Eva Hesse


Hesse No Title Study For Or After Legs Of A Walking Ball Museum Wiesbaden Frei - © 2016 The Estate of Eva Hesse. Galerie Hauser & Wirth, Zurich. Photo: Museum Wiesbaden/Bernd Fickert
  • Eva Hesse
  • Untitled
  • 1965
  • ink and gouache on paper
  • Museum Wiesbaden - © 2016 The Estate of Eva Hesse. Galerie Hauser & Wirth, Zurich. Photo: Museum Wiesbaden/Bernd Fickert

During a year’s residency in Kettwig, Germany, in 1965, Eva Hesse made a series of mechanical drawings based on the enormous abandoned factory that she and her husband, sculptor Tom Doyle (b. 1928), used as a studio, even as it was being dismantled. Surrounded by broken machinery, Hesse rendered mechanical, suggestive forms in ink and color as she searched for her artistic voice. In these two studies human and machine parts coalesce in a schematic drawing as fantastical as it is clear. Blue, red, and yellow enliven careful drawings of machinery that also resembles phalluses, joints, and viscera—blurring the boundary between body and machine, drawing and diagram. While the drawings include more detail than the sculptural relief, they have in common the oval shape. When making these drawings, Hesse wrote to artist Sol LeWitt (1928–2007) about her doubts as an artist and her “clean, clear but crazy like machines … real nonsense” drawings. He responded, “Do more. More nonsensical more crazy more machines, more breasts, penises, cunts, whatever—make them abound with nonsense. Try and tickle something inside you, your ‘weird humor.’ … Don’t worry about cool, make your own uncool. Make … your own world.” Hesse continued her work, transforming the mechanical detritus around her into constructs of her “own world.” Her time in Kettwig led her on a distinctive path, paved with “weird humor” and “real nonsense.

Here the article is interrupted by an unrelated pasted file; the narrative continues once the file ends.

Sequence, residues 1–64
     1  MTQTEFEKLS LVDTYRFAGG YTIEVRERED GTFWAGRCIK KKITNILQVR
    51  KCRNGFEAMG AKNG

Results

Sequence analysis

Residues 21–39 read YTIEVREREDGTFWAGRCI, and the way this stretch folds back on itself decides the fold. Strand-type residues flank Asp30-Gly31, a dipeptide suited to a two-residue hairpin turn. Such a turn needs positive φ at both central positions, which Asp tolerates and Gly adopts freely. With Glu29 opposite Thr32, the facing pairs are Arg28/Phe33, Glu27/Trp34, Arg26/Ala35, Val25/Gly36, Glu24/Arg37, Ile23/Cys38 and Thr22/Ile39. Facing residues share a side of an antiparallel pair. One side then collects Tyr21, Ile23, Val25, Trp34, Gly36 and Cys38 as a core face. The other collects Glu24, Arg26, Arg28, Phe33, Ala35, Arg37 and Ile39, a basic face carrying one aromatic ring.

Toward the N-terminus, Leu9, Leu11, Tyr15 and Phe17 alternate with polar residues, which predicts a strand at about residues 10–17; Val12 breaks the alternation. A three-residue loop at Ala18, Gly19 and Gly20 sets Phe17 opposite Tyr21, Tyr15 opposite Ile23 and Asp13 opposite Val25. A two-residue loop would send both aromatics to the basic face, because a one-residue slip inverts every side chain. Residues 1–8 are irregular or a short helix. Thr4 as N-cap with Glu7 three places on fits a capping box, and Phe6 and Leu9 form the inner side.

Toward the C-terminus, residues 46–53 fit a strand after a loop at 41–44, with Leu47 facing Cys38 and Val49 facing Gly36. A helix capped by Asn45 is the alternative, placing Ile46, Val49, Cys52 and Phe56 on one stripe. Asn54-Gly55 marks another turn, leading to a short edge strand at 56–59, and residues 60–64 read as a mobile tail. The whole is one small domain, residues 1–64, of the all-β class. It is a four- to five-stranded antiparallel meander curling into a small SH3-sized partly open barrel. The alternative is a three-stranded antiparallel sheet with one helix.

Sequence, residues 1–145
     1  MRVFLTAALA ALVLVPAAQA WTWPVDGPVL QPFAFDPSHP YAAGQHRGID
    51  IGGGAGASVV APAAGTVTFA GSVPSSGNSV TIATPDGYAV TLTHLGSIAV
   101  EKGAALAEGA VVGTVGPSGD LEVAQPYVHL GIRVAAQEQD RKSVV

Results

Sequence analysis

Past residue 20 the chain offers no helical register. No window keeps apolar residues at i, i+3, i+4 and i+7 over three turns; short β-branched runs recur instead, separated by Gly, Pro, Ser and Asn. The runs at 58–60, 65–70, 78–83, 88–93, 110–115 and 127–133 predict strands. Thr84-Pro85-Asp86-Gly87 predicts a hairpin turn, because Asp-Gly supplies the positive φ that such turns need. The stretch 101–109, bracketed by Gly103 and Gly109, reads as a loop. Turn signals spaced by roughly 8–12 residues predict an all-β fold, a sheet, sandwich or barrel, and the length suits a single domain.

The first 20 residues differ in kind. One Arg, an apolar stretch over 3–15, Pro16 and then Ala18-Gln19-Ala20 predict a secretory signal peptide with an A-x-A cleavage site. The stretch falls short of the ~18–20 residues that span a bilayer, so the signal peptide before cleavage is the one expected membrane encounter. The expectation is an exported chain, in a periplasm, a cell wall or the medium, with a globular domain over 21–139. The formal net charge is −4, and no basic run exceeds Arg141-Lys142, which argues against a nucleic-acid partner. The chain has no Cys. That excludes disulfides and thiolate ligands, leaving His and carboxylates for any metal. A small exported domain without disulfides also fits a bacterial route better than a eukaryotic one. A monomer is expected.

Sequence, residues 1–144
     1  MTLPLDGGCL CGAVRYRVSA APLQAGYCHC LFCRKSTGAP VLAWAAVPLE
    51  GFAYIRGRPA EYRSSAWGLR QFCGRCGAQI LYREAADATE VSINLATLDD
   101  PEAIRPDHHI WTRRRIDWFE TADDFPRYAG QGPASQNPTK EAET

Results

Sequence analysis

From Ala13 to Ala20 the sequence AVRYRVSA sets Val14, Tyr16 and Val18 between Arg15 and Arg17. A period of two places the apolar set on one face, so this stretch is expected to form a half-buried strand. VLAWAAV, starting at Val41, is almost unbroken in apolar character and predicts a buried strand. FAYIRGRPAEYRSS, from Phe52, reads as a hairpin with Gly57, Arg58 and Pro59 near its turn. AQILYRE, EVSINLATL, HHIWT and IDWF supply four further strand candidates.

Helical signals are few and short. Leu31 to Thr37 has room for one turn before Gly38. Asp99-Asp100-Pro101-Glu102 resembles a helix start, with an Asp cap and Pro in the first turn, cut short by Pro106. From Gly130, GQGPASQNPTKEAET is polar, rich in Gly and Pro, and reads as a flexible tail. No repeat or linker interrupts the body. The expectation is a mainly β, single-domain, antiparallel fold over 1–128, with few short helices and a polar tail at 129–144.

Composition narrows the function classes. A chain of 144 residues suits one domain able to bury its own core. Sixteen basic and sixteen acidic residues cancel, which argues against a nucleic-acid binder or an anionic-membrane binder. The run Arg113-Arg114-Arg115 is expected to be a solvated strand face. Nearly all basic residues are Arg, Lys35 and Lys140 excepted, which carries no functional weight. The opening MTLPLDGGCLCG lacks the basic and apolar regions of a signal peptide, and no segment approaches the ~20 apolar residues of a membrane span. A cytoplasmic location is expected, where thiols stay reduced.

Amy Rahn

Biography of Eva Hesse

  • Born 1936 in Hamburg, Germany
  • Died 1970 in New York, New York
Eva Hesse is best known for using synthetic materials such as latex, fiberglass, and plastics in her post-Minimalist sculptures. In 1939 she and her family fled Nazi Germany and moved to New York. She first studied art in 1952 at the School of Industrial Art, then at Brooklyn’s Pratt Institute. She subsequently studied drawing at the Art Students League of New York in 1953 and enrolled at Cooper Union the following year. After that, she attended the School of Art at Yale University, graduating in 1959, then worked as a textile designer in New York. In the early 1960s she mostly produced drawings, which were first exhibited in 1961, and had her first solo show, at the Allan Stone Gallery, New York, in 1963. Hesse lived in Germany in 1964, working for the textile manufacturer Friedrich Arnhard Scheidt. During this time she traveled in Europe, experimented with materials, and began to work in relief and sculpture. Returning to New York, Hesse produced her first freestanding sculptures in synthetic materials. In 1968 she gained wider recognition thanks to her show Chain Polymers at Fischbach Gallery in New York. The following year she was also included in the exhibition Live in Your Head: When Attitudes Become Form at Kunsthalle Bern.